nodes without revisits. This motif has dif ferent biological meanings
depending on the species under consideration. In the black kite and
the roe deer, a succession of M3 motifs is characteristic of migra-
tory movement patterns. In the wolf, however, this temporal pattern
is characteristic of movement s towards familiar locations in a home
range, such as hunting areas. In the bumblebee, the succession of
M3 motif is indicative of search flights.
The seven other motifs characterize bidirectional movements
with at least one revisit to the same node, indicating a temporal re-
use of specific areas. The different proportions of such motifs in the
movements may have different biological meanings in the different
species and, once identified, are open to study.
To fur ther explo re and int erpret the successi on of te mp oral
motifs, we cons tr uc ted simpli fied traj ec torie s highl ighting th e
spatial lo catio ns of the simple (uni direc ti onal) motif an d the more
complex (bidirectional) motifs in the original data. Because motif
analysis does not allow to include loops (self-edges), we also con-
struc te d sim plifi ed traj ec torie s hig hlighting the s patial loc ation s
of each loop (Figure 6). The number of loops on the same location
increased with the complexity of network motifs indicating that
for all four trajectories, more complex behavioural patterns rep-
resent areas of temporal interest in animals (GLM for count data—
bumblebee: estimate = 0.243, SE = 0.058, z = 4.175, p < .001;
black kite: estimate = 0.203, SE = 0.025, z = 8.252, p < .0 01; roe
deer: estimate = 0.122, SE = 0.019, z = 6.296, p < .0 01; wo lf :
estimate = 0.275, SE = 0.014, z = 19.698, p < .001). In the bumble-
bee trajector y, bidi rection al motifs occur re d when the individ ual
was in the nest area and near flowers, indicating an association
bet we en comp lex behaviou ra l patte rns and familiar loc ation s,
FIGURE 4 Motif time series selection.
The Shannon diversity index was applied
to motif time series for each dataset: (a)
bumblebee, (b) black kite, (c) roe deer, (d)
wolf. The highest Shannon diversity index
value, used to select the most suitable
motif time series for each dataset, is
highlighted in red
FIGURE 5 Proportion of network
motifs in each dataset. For each species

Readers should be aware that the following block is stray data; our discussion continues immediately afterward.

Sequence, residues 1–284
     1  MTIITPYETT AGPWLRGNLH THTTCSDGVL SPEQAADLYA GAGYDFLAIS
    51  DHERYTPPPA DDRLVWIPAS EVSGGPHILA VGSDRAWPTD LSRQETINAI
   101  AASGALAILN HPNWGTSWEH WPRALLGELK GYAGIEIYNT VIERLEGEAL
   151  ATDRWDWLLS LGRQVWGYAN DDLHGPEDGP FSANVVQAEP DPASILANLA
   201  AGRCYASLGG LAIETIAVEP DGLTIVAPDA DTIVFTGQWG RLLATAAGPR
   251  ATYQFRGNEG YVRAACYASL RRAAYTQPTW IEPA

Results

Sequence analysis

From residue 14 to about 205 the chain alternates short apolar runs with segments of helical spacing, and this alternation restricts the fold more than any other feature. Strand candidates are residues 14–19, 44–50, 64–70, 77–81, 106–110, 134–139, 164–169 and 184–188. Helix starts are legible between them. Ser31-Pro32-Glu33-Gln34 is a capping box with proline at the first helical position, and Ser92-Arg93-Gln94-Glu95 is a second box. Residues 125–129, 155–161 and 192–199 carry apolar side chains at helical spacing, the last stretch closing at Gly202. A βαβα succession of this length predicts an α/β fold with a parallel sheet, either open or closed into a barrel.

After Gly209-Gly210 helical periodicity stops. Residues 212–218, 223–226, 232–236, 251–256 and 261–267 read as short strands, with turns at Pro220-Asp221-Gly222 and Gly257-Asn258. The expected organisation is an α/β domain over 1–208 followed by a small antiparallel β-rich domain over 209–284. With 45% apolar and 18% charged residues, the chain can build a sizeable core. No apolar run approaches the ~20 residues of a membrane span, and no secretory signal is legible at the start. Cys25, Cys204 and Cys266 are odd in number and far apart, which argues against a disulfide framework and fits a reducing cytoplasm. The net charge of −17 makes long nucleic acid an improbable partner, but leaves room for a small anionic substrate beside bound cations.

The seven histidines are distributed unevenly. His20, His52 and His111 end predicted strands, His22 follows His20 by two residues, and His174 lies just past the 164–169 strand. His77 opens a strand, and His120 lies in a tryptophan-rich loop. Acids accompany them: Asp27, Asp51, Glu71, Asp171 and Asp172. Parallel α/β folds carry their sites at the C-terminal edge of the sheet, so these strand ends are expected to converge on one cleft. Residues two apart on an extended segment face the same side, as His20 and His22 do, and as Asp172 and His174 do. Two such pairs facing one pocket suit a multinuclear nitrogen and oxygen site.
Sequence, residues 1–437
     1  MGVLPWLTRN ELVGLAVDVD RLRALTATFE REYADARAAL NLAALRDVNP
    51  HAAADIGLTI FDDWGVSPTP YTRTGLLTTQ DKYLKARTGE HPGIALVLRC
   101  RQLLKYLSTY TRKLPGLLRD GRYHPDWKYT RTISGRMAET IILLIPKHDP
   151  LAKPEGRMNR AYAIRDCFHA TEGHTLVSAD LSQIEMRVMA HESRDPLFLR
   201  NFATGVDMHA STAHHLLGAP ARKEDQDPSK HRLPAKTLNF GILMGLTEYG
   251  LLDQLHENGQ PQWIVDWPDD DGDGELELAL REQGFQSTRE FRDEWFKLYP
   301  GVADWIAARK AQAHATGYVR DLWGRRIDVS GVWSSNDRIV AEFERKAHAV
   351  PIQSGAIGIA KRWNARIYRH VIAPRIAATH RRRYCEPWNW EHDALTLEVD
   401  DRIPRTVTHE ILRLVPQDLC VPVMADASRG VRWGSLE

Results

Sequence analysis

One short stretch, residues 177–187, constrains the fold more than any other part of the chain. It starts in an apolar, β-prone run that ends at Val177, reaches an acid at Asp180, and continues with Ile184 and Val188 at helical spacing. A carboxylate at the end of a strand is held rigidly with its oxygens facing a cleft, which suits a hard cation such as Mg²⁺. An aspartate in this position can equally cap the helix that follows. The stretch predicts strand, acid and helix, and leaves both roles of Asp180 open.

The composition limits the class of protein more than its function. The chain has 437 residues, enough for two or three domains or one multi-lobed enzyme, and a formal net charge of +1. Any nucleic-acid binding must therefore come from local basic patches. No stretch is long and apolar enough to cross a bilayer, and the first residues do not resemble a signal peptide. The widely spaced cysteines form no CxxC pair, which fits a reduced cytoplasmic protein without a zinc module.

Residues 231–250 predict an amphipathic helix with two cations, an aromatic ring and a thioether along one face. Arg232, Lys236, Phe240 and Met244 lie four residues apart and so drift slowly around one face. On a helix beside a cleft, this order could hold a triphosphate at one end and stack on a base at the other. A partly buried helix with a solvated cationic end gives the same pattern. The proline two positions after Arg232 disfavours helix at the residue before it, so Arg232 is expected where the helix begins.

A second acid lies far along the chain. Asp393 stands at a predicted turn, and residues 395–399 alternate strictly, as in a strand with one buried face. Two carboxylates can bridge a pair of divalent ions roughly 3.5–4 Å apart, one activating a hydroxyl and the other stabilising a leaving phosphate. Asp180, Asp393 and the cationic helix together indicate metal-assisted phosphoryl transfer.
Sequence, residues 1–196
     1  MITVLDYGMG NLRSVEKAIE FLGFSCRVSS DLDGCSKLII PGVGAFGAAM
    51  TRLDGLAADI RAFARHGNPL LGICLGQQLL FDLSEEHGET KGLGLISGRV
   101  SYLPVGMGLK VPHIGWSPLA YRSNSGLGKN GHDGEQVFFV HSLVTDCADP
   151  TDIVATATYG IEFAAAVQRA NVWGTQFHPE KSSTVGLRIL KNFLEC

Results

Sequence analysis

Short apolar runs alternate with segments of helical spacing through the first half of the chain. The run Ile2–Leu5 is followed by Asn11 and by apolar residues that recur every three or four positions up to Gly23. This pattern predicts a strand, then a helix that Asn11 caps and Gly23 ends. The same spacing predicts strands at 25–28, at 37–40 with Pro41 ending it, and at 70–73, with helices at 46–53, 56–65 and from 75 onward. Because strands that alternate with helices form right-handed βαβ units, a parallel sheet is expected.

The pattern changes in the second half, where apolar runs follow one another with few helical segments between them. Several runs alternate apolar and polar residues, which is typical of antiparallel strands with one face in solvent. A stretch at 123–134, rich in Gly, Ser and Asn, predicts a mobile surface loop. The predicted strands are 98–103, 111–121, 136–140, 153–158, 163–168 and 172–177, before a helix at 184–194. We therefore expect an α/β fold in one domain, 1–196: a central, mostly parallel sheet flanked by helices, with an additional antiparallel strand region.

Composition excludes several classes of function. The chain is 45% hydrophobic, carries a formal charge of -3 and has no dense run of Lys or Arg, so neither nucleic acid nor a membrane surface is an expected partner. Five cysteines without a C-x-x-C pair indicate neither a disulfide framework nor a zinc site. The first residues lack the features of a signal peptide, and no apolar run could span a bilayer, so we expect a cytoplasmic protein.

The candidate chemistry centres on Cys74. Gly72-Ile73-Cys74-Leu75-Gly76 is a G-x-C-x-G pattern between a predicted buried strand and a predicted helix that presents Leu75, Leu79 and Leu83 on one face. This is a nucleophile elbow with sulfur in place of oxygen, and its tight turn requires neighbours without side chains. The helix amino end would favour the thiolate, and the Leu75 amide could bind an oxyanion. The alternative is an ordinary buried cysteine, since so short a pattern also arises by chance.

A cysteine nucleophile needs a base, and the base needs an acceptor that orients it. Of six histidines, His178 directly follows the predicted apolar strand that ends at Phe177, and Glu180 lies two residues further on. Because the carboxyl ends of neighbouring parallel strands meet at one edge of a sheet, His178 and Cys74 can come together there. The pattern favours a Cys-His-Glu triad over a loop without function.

(a) bumblebee, (b) black kite, (c) roe deer,
(d) wolf, the proportion of motifs has been
divided into two main categories: a motif
describing a unidirectional movement
(orange) and seven motifs describing more
complex bidirectional patterns (blue)
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while loop s tende d to be concent rated ar ound the nest only, a
beh aviou ral pa tt ern re minis cent of orient ation fligh ts (Os borne
et al., 2013; Figure 6a). In the black kite trajectory, more complex
bidirectional motifs occurred in areas around the release point
and few l oc ations af ter the star t of the mig ration an d th ey a lso
correspond to singl e lo cations of intensive use (loops; Figure 6b).
FIGURE 6 Spatio-temporal sequence of behavioural patterns. Evolution of motifs: temporal sequence of network motifs for each
dataset. Blue: bidirectional motifs (M4, M5, M6, M8, M12, M13). Red: unidirectional motif (M3). Complex motifs: temporal motifs mapped
on original trajec tories. Blue gradient encodes the temporal sequence of the more complex bidirectional motifs. Loops: movements starting
and ending at the same location mapped on original trajectories. Blue gradient encodes the temporal sequence of loops. (a) Bumblebee
data: bidirectional motifs are obser ved around the location of the nest and the artificial flowers (F1–F3) while loops are disproportionally
observed around the nest location. (b) Black kite data: bidirectional motifs are observed before migration and at stopover locations along
the migration route and loop behaviours tend to correspond to those locations. (c) Roe deer data: bidirectional motifs are observed in both
winter and summer territories while loops evidence some specific sub-areas of repeated intensive use. (d) Wolf data: bidirectional motifs are
observed in two territories (main and roaming areas) during specific periods of the year as well as some small area of temporary use sparse